Fort George Island Trail is a roughly 3.5 mile loop with a few stop-offs that include Point Isabel and Mount Cornelia (an actual almost-mountain, in Jacksonville!). It’s located near Kingsley Plantation, right across from the Ribault Clubhouse.
This trail marked week two of our go-out-and-hike-as-often-as-possible accidental New Year’s resolution, and although we didn’t have as much time to do a longer trail, this one was plenty interesting. Where the Levy Loop trail in Gainesville was nearly a perfect oval, this trail was pretty twisty-turny — I can see getting turned around pretty easily if you stray too far from the path. But something about not being able to see too far ahead down your path adds an extra element of adventure, and the miles go by a lot faster.
About one mile in, we found a little stop off with a big sign that warned of alligators and what to do if you come across one (which fortunately did not happen to us). Right beyond the sign is a shady cove on the bank of an algae-covered pond. If you hike for the sole purpose of finding good places to take a snack break, definitely add this one to your list. The quiet and the slight drizzle we had going on gives this place a sort of magical feeling, and I was glad we decided not to just walk past it.
The next mile and a half or so were through the woods — tall, vine-covered trees with spidery limbs full of Spanish moss. At times the trail was almost completely covered with leaves, but the trail markers were frequent enough that we didn’t accidentally wander.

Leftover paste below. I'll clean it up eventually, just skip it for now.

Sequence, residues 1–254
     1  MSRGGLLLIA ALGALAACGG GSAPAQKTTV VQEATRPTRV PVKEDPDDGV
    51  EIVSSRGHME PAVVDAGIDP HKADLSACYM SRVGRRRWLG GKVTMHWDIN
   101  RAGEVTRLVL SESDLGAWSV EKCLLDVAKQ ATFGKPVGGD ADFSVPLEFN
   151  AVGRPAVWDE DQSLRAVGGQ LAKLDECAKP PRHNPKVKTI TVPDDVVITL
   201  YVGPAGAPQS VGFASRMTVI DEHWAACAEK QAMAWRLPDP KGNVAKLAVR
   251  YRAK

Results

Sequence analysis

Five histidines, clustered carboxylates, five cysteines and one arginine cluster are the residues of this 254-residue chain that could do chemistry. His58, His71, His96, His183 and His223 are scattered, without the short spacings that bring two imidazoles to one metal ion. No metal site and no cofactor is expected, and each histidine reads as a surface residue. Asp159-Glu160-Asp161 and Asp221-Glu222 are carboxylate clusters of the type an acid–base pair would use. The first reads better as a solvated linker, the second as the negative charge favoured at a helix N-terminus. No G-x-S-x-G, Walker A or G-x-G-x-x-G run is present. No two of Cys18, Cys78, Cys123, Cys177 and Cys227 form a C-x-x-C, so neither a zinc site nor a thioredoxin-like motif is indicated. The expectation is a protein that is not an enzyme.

I read before going that there’s an abandoned golf course somewhere on this trail, but there’s nothing that explicitly points it out. My best guess is that the sandy clearings we passed every quarter-mile or so used to be the different holes.
By about two miles into the hike, there’s one particularly wide clearing that forks to Point Isabel or continues on to the end of the trail. Point Isabel is most definitely the highlight of this hike, and although it adds a little extra time on, it would be a shame to pass up. The trail takes you along the coast to a concrete staircase, down about 30 steps to a gorgeous beach with a bench (another must-snack spot, for sure).
We spent a good 15 minutes here, refueling and taking in the scenery. The dunes underneath the clouds reminded me of something out of a Dali painting, and the water was super still. We saw a few pelicans, herons, some more birds I couldn’t begin to identify — it was good stuff.
After backtracking to the main trail, we were pretty immediately offered the option to trek up Mount Cornelia, or just continue on to the end. Since the objective is obviously More Adventure Always, and since I wanted to be able to say I climbed a Real Life Mount(ain) right here in Jacksonville, of course we decided to go for it.
As mountains go, I guess this one is pretty disappointing. As mountains in Florida go, this actually happens to be the highest point along the southeastern coastline! So that’s pretty nifty. Once you decide to head up Mount Cornelia the path has already started to steepen, and after about a minute, you’ve reached the top. Nichole and I performed a very solid high-five in commemoration of our achievement before beginning our descent and returning to the main trail.
At this point in the hike, there’s probably less than a half a mile back to the parking lot, but that was plenty of time for a few random armadillos to come hurtling out of the bushes and scare the crap out of me.
If we’d had more time before they closed, we might have gone inside the Ribault Clubhouse and checked that out, but that will have to be another time I guess. Overall, I’m happy to now know the exact location of Jacksonville’s sort-of-mountain. This trip also taught me to be a lot more generous with the bug spray, in hopes of not bringing ticks home with us next time.